Renew your System’s IP address
Given that the error is majorly a client-side DNS glitch, you might consider flushing your DNS cache and renewing your PC’s IP address. To achieve this, follow the steps below.
Fire up your command prompt by pressing Windows Key + R and type cmd and hit ENTER.
To release your current IP address, run the command ipconfig/release. The command triggers the disconnection of your PC from your wired or wireless network.
Next, flush your DNS cache by executing the command ipconfig/flushdns.
If all went as expected, you will get a notification that the DNS resolver was successfully flushed.
Finally, to renew your IP address, issue the command ipconfig/renew. Your PC will acquire a new IP address as it reconnects with your network.
Releasing and renewing your IP on Mac is also fairly simple. Click on ‘System preferences’
Locate and click on the Network icon and select the “Advanced” option.
Proceed and click on the TCP/IP tab and then click on the ‘Renew DHCP’ button.
Just like in Windows, you can easily flush your local DNS cache on the command-line, although this varies slightly a little. The equivalent of command prompt on macOS is called the terminal. To launch the Terminal, click on ‘Utilities’ and click on ‘Terminal’
Then run the command:
Reset Chrome flags
Occasionally, experimental features can get in your way and prevent you from accessing any site as you go about browsing. A simple workaround to this issue is to reset the experimental features back to their default state by going to chrome://flags on your URL. When the ‘flags’ page launches, click on ‘Reset all to default’
Temporarily disable your Antivirus or VPN
Your favorite Antivirus software or VPN service can override your internet settings or even interfere with the DNS settings from your ISP. It is therefore prudent to temporarily turn off your VPN or Antivirus for a moment and see if this fixes the DNS_PROBE_FINISHED_NXDOMAIN error in your Chrome browser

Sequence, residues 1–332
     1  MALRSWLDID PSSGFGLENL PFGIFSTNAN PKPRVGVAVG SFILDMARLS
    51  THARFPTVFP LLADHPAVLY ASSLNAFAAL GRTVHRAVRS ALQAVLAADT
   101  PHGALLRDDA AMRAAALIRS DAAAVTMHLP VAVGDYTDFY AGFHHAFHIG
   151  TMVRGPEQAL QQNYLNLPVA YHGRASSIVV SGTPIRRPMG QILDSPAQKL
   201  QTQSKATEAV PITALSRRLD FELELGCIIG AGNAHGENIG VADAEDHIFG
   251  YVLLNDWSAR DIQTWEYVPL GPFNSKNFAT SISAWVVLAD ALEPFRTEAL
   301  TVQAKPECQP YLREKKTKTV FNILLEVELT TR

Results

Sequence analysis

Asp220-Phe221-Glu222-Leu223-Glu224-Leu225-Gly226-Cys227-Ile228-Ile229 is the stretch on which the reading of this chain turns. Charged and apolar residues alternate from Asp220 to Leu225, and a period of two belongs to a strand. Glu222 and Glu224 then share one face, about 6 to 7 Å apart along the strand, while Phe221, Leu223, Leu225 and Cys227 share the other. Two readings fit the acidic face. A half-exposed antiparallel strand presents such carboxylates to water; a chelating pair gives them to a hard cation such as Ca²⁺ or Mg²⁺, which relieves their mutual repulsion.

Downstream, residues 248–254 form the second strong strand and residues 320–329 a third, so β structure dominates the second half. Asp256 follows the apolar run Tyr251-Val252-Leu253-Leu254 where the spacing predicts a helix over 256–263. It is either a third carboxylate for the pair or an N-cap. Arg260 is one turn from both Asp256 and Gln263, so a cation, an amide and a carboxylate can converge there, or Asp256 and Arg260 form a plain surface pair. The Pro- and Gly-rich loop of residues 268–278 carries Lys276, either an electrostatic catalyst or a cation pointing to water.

Check your Hosts file
The ‘hosts’ file is a plain text file existing on your local machine that translates IP addresses to hostnames. By default, the entries in this file are commented and modifications are only done during testing, for instance when you want to see how a website will be rendered when hosted by a different server. Changes made to this file only affect your PC and not the DNS server. If you are experiencing the DNS_PROBE_FINISHED_NXDOMAIN error, it’s worth checking the hosts file and ensure the website that you are trying to browse is not listed there.
To edit the hosts file, Run your text editor as Administrator. In this example, the text editor is Brackets.
Open the hosts file located in C:\Windows\System32\drivers\etc\hosts
Ensure that the website you are accessing is not listed. If it is defined, delete the entry and save the file
For Mac users, launch your Terminal and run the command below to open the hosts file
# sudo nano /private/etc/hosts
Again, ensure that the site you are accessing is not listed there. If it is listed, comment it or delete it entirely and save the file
Restart your Router and PC
If all else fails, then reboot your PC and even your router or access point. Restarting these devices clears quite a sizeable amount of cache memory which may help solve the error.
We do hope that this guide was insightful and provided tips on how to resolve the DNS_PROBE_FINISHED_NXDOMAIN error that occurs on Google chrome browser. As you have noticed, these are simple and easy-to-follow workarounds that will help you clear the error and let you to resume your smooth and enjoyable browsing session. Your feedback is most welcome.
I hope this guide helps you in fixing the DNS_PROBE_FINISHED_NXDOMAIN error in Google Chrome. If you have any questions please feel free to ask them in the comments section below.